Rethinking equitable access to higher education in Africa – Fxsad

Rethinking equitable access to higher education in Africa

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Rethinking equitable access to higher education in Africa


Access to education is not only a basic human right but also critical to the development of societies and communities. photo Jeff Angote | NMG

Access to education is not only a basic human right but also critical to the development of societies and communities.

It is now well understood that education increases people’s employment opportunities and raises their income levels, thereby contributing to the overall growth and prosperity of individuals, families, communities and countries.

However, access to quality education remains a challenge for many African communities.

The quality of education children receive is greatly affected by their environment, which is characterized by a lack of essential learning materials such as books, technology and other educational supplies.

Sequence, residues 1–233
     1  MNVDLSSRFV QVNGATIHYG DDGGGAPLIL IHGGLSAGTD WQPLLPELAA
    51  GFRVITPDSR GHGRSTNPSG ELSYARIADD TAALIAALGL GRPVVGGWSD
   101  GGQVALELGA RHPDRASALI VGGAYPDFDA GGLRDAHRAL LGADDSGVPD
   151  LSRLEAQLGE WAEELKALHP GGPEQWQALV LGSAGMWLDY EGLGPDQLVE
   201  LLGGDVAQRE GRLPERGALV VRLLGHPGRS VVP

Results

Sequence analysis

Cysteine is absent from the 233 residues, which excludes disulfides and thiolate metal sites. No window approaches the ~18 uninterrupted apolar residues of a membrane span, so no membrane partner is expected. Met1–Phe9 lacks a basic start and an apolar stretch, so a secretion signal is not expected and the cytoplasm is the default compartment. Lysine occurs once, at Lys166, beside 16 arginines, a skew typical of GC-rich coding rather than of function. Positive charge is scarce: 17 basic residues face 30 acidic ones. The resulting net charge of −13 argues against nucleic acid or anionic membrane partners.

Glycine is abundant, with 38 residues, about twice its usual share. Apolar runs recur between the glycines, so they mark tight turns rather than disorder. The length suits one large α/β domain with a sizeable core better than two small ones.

While efforts by governments and development partners to address basic education are admirable, higher education has not received attention.

Also read: Ministry of Education is reaching out to itself.

Several prestigious universities across the continent continue to produce high-performing individuals who contribute greatly to society.

However, these universities have faced a fair challenge.

For example, they have limited access to technology, which means they are unable to adopt modern teaching methods, develop creativity and contribute to the development of society.

As a result, most students in these institutions are not encouraged to engage in critical thinking, creativity and innovation, and lack the necessary broad literacy skills related to information, technology, media and finance. It makes their knowledge practical in their communities and makes them globally competitive.

This is a critical gap that needs to be addressed.

We need to find ways to harness the potential of some of our young students to sit on the international stage and move at the same pace as the rest.

In this regard, the role of initiatives such as the Kenya Scholars Access Program (KENSAP) should be recognised.

KENSAP has been providing opportunities for bright but needy African students to study abroad.

Read: Brake to increase spending on education, says survey

So far, they have helped over 250 bright but underprivileged Kenyan students get quality education at some of the world’s most prestigious universities, including Harvard, MIT, Princeton, Stanford and Yale.

In the year Since 2004, the value of university financial support has been 8.5 billion shs.

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